I read the work as well. I enjoyed the look into Marcus Aurelius Antonius' mind quite a bit. I did not, however, think it a very good work. It lacks a real elaboration of ideas.
p.s. In the last line of your quote you made an error in spelling. It seems a shame to leave it there.
Yes, exactly. I'd love to have seen reasoning and the basis behind much of what is said. And again; you're quite right: It wasn't written with a whole lot of careful attention. But it so inspired me, on a simple human basis, that I almost felt it unethical to write anything akin to an 'objective' review (but I tried!). In our most private musings of thoughts, alone with our journal (keyboard?) we rarely, as "just people" delineate these things as they should be - rarely flesh them out for future generations. In all this, the work struck me as spontaneous and honest to the heart. But that's just my perception.
Arjen and Khethil,
I had a different feeling. Considering who this man was, to have these deeply humane insights that are normally dismissed by the ego of those of such power was to me an extreme rarity. I all had such musings, I think the world would be a different place. Just a thought.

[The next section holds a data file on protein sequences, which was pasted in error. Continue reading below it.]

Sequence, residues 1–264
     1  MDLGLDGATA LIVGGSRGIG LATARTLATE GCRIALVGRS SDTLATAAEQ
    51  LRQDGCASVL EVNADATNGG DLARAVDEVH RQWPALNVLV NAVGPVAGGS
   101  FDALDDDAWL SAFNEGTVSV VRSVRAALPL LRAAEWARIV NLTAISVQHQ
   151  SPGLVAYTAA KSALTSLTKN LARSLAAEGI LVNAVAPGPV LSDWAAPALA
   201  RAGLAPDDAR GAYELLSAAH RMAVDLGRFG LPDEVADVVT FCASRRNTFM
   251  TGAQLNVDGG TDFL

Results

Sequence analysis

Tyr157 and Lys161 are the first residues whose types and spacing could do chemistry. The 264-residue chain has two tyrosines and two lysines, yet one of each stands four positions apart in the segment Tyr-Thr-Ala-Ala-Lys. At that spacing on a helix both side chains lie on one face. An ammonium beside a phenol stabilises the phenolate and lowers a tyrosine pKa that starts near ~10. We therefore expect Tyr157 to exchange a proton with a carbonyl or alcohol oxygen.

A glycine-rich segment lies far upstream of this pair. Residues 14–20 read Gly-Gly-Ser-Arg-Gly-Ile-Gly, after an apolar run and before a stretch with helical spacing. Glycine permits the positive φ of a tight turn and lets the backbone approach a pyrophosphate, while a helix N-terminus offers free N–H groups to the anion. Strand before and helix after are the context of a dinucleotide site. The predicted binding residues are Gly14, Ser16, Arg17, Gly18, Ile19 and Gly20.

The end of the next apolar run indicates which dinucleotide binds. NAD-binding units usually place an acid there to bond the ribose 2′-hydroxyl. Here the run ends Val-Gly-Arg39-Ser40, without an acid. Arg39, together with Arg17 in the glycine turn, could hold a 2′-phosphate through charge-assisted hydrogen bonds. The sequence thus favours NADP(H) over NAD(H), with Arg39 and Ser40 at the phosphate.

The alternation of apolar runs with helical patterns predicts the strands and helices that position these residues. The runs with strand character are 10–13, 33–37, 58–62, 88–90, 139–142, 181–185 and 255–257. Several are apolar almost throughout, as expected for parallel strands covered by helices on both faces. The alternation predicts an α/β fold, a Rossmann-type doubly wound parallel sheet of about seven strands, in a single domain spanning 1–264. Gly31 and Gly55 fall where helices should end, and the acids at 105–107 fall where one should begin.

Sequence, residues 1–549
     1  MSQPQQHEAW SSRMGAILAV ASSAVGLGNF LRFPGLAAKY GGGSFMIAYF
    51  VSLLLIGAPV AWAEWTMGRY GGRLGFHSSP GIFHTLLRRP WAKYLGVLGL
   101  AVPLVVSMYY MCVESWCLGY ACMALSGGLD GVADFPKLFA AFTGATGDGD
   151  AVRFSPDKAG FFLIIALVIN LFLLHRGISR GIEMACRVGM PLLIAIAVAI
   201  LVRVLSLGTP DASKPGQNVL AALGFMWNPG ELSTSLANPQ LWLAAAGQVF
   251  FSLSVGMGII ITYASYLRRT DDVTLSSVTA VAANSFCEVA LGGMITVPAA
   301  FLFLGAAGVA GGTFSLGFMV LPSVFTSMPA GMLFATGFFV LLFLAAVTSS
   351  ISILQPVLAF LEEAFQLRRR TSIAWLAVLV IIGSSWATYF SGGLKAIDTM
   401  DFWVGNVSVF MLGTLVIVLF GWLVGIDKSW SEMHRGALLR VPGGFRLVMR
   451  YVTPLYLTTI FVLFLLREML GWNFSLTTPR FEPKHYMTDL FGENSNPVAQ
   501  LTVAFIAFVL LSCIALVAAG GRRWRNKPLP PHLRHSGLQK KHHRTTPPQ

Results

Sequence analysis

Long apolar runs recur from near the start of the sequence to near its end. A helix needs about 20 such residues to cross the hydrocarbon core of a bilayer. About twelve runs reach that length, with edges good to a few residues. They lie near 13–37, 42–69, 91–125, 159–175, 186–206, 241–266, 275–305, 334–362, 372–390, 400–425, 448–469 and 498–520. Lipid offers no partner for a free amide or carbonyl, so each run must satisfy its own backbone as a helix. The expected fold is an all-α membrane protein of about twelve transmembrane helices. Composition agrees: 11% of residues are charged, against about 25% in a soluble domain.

Is this book free online?My library is an hour drive. My book store is five minutes away, along with two others fifteen minutes away.
I doubt whether any recent translation would be online for free, but there are numerous versions in slightly older translations (a Google search will give lots of hits).
I think most modern politicians and leaders should be made to read this book before they take office, however it is a pity that Marcus didn't pass on his learning to his son and sucessor, Commodus, who turned out to be a bloodthirsty tyrant who came to a sticky end. Maybe we're not all cut out to be philosophers!